Atletico Madrid fought out a hard-earned 2-2 draw at Valencia in LaLiga on Friday night, their final fixture before the Champions League last 16 first leg.
While a point at Mestalla is no poor outcome in isolation, the lack of three points has been a familiar theme for Diego Simeone and his Rojiblancos of late.
In fact, Atleti have yet to win an away league game in 2020 and have won only once in seven fixtures across all competitions.
While they have undoubtedly been nowhere near their peak this season—11 wins in their last 30 won’t strike fear into Liverpool—they do remain a side capable of big-game performances.
There’s also the matter to consider that this fixture comes the day before the Reds’ own Premier League encounter with Norwich, giving Atleti more recovery time—though as Jurgen Klopp‘s squad have just had two weeks off, that shouldn’t factor in as much as it might otherwise have done.
Friday night did offer a few clues to the Reds about what they might be facing, though, as well as highlighting some of Atletico’s familiar strengths and weaknesses from throughout 2019/20.
Fans who are not LaLiga regular viewers might be surprised, perhaps, to hear that Atleti are far from the resilient, fearsome defensive stronghold of three or four years back.
The back line of Juanfran, Godin, Gimenez and Filipe Luis is no more and, as a result, Simeone’s team are rather more fragile these days—especially from set pieces.
Valencia took full advantage of that particular weakness to score twice on Friday night, once from a corner and another from a free-kick delivered into the box.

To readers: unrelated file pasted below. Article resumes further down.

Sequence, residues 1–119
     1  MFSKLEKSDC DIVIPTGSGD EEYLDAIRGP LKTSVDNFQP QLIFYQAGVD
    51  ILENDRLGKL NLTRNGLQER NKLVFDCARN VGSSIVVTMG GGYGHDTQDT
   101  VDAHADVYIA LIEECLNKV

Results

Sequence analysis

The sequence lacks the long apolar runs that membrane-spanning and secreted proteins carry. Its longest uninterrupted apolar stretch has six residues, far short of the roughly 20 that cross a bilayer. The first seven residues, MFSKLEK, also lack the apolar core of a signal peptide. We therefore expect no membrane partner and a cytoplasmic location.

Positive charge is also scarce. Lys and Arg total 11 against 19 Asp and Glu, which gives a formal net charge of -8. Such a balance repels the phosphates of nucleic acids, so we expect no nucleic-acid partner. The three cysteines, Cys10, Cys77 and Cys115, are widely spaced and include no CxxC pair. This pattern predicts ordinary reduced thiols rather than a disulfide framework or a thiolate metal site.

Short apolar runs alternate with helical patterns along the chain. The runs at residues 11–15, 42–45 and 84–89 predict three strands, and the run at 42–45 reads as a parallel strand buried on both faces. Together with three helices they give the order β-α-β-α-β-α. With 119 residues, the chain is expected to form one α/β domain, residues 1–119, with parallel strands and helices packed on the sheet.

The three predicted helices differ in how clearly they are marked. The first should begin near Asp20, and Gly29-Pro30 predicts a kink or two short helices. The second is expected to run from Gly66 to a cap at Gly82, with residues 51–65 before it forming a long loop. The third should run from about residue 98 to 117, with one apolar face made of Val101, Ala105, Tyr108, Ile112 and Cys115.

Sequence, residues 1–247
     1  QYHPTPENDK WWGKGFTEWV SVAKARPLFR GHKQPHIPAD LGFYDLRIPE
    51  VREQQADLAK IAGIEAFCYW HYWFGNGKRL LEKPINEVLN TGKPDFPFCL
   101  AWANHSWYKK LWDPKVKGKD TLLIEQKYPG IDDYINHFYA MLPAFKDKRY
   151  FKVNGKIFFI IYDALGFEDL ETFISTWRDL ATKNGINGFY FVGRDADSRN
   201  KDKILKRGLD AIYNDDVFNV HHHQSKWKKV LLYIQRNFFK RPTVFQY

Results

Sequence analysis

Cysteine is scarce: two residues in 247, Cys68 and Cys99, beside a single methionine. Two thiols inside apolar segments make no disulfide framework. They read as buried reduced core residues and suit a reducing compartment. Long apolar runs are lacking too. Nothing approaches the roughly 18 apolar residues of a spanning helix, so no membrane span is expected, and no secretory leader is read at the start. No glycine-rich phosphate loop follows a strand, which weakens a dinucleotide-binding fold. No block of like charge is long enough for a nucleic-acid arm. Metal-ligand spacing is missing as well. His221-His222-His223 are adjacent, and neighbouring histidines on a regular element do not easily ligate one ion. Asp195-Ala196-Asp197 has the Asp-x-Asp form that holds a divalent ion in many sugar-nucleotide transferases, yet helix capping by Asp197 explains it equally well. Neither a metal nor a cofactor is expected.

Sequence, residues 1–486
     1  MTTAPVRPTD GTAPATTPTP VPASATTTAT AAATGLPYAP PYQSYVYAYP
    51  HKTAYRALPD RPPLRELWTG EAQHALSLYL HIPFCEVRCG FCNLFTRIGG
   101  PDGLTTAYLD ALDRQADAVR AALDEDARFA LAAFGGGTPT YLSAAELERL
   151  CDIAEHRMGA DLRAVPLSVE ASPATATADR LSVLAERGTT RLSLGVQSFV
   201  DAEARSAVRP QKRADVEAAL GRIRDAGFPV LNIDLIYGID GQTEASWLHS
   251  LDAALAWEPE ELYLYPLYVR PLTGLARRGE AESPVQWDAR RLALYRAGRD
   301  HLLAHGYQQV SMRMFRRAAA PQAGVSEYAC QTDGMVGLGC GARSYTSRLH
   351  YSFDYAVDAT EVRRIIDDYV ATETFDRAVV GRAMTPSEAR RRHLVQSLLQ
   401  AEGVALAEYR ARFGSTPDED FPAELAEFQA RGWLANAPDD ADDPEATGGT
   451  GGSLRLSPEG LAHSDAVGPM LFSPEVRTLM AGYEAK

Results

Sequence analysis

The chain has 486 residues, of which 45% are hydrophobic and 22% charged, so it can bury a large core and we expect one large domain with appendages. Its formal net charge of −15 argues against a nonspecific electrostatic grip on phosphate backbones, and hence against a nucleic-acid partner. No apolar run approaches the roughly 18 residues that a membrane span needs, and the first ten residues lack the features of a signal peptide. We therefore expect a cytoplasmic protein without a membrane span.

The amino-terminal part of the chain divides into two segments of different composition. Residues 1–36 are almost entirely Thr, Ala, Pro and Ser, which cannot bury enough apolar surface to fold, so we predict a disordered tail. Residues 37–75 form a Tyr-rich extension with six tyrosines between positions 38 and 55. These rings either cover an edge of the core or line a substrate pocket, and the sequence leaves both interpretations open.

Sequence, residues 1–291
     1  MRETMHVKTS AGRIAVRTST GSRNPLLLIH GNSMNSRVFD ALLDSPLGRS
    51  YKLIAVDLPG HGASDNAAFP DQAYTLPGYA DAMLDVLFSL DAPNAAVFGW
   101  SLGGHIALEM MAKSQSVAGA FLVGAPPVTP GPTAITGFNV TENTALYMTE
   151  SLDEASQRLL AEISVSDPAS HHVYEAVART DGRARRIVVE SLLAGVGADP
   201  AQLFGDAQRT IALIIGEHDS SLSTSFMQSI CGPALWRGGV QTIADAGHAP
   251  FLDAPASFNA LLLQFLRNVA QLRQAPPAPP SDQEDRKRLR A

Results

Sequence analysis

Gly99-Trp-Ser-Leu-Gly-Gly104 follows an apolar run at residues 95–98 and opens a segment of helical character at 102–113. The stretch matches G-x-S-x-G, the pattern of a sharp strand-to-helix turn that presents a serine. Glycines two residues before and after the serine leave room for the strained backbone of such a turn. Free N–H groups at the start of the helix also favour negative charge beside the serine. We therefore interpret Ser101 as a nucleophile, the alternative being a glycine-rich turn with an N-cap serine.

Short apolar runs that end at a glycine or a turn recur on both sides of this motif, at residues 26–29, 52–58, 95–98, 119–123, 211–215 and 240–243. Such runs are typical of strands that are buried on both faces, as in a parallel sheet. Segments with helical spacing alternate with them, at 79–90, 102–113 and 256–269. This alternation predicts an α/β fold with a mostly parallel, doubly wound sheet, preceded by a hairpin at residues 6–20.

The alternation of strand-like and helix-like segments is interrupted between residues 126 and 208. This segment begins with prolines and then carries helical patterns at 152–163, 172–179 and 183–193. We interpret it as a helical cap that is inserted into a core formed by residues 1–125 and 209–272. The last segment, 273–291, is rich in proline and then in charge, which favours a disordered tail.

Proof of their reduced effectiveness in the defensive third comes also in the fact Atletico twice took the lead, and twice gave it up.
Marcos Llorente poked home from close range to put Simeone’s side ahead, before ex-Arsenal defender Gabriel Paulista levelled with a close-range header.
Atletico’s second scorer was Thomas Partey, arguably their biggest influence on the team and most consistent performer at this moment in time.
The powerful midfielder won back possession, drove forward and fired in the goal of the game just before the break; his physicality and surging runs from deep will be a point the Reds must be wary of in midweek.
Usually he’ll be the deepest holding player, but he’s more than capable of covering ground toward the opposition goal.
Geoffrey Kondogbia netted Los Che’s second equaliser of the game, again exposing weaknesses in marking and organisation at the back.
Full-backs have been a real concern of late; here, Simeone used three different players at left-back during the 90 minutes—Renan Lodi starting, Santi Arias in the second half and Saul after the hour mark—while on the right it’s Arias or Sime Vrsaljko, in the absence of injured first-choice Kieran Trippier.
In attack there’s no genuine No. 9 at present either, with Alvaro Morata only used off the bench after injury and both Diego Costa and Joao Felix missing out entirely.
Both teams gave their ? tonight and made the game absolutely incredible! ?
? https://t.co/cDhRrTF9h5 pic.twitter.com/veE9h5uihM
— LaLigaTV (@LaLigaTV) February 14, 2020
It should be expected that at least Morata should start against the Reds in the first leg, perhaps alongside the excellent and non-stop tenacity of Angel Correa, with any of Vitolo, Yannick Carrasco or Thomas Lemar starting on one side of midfield if Simeone wants to be more offensive-minded at home.
The result leaves Atletico in fourth place, 12 points off leaders Real Madrid with a game more played, while Sevilla can now overtake them if they win against bottom club Espanyol on Sunday.
Just a few days before facing the reigning European and world champions in Europe on Tuesday, it’s far from rosy at the Wanda Metropolitano right now and, unlike Klopp, Simeone has struggled to find the winning formula this term.
Atletico lineup vs. Valencia: Oblak; Arias (Morata), Savic, Felipe, Lodi (Vrsaljko); Llorente, Partey, Koke (Carrasco), Saul; Vitolo, Correa
Subs not used: Adan, Gimenez, Hermoso, Lemar